Monday, May 11, 2009
The poets talk only among themselves
"He writes for a coterie, the poets talk only among themselves. They live in a world of flattery and selfhood." It is my belief that it is somewhere in this messy denial of the thought of poetry that an explanation can be found for the importance of community. That poets do band together. I am demonstrably bad at the kind of communism one dreams of, yet I have repeatedly worked in and added to a community of this sort. The reason is that only in such communities is the necessary talk of this high, serious realm possible. Such communities tend to build a structure for men who wish to keep, hold, and record the passionate relation with the outside that the world, the nation, need. This is the only place where such talk goes on. That we have reached a point now here where such discourse must include the nation, our politics, the scholarship in which we tend to lay down the images of poetic thought - is obvious. This is a kind of memory theater in which the poet with his craft is after not some thing or place remembered, but present. Nothing would be more painful or more costly to the mind, and ugly in a sense that great poetry may be very ugly, than a poetry in which the present war was present, held in sight and sound and intellect. Not opinion or reflection or dialectic about the presence. Few poets have caught the terror, which is the other side of the world. -- Robin Blaser, 1967
In Frank O’Hara: The Poetics of Coterie, Lytle Shaw’s ostensive subject is how “coterie” works in the poetry and poetics of Frank O’Hara. The opening chapters provide a cogent discussion of the role of proper names in O’Hara’s poetry within the context of a linguistics-inflected examination of naming and reference. Shaw notes the different levels of proper naming in O’Hara’s work – figures of popular culture, political and social figures, as well as different levels of his personal circle (from identifiable artists and poets to obscure names).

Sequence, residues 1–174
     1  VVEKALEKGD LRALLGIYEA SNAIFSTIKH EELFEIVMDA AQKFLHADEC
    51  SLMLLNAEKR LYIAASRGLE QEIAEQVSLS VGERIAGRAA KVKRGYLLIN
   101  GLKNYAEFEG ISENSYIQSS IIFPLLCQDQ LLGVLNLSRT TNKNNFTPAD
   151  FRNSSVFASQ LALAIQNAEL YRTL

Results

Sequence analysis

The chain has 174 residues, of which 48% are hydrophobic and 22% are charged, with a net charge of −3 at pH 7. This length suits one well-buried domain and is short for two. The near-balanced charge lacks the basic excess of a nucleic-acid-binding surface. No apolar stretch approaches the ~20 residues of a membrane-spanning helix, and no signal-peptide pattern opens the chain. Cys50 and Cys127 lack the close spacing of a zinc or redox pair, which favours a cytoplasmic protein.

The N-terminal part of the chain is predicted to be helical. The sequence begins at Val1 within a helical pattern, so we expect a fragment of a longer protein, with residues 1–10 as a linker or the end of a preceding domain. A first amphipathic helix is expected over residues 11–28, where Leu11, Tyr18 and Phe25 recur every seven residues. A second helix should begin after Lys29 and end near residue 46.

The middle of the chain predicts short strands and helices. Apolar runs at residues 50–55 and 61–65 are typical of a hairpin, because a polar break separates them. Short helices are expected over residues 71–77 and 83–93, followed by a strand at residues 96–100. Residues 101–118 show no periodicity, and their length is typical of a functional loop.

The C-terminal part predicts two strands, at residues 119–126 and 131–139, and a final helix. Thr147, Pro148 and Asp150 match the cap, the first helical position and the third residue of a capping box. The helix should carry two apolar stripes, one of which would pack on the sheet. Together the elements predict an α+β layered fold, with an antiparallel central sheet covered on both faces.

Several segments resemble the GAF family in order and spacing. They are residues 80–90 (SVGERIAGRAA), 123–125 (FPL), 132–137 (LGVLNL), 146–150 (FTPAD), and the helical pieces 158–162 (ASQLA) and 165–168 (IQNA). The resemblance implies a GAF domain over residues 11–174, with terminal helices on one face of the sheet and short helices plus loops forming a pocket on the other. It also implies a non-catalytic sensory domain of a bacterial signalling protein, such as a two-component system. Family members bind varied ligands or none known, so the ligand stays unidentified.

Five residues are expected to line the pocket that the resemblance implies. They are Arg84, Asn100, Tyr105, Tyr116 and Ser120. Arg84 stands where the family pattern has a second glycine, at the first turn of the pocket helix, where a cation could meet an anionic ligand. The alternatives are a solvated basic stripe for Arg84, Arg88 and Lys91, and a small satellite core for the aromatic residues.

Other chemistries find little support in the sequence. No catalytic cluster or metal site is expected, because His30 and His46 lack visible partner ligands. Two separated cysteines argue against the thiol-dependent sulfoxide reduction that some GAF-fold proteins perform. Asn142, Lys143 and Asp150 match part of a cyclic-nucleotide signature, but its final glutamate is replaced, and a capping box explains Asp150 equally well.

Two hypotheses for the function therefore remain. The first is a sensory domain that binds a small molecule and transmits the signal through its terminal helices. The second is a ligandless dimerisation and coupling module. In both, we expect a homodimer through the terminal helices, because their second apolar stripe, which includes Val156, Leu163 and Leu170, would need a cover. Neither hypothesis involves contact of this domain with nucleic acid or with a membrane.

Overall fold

For Shaw, coterie is not a closed world of intimates but an interlocking, open-ended set of associations and affiliations. He links coterie to the socio-historically self-conscious poetics of the local, community, and other collective formations. The poetics of coterie is presented by Shaw as an alternative to universalizing conceptions of poetry. O’Hara’s location of himself not in an homogenous elite but rather in intersecting constellations of persons (real and imagined affiliations), together with his famous time-stamping of his poems (it’s 12:18 in New York as I rewrite this sentence) both work against the Romantic Ideology of timeless poems by great individuals.
Still, no discussion of coterie can completely free itself from the negative connotations of clique and scene. For best effect, the first chapters of Shaw’s book should be read beside Andrew Epstein’s Beautiful Enemies: Friendship and Postwar American Poetry. Epstein offers exemplary Emersonian readings of the intricate web connecting individual talent and collective investment in the poetry and poetics of John Ashbery, Amiri Baraka, and O’Hara. Averting the Cold War myth of the individual voice in the wilderness of conformity, Epstein gives us voices in conversation and conflict, suggesting that resistance to agreement is at the heart of a pragmatist understanding of literary community. -- Charles Bernstein, "Is Art Criticism Fifty Years Behind Poetry?"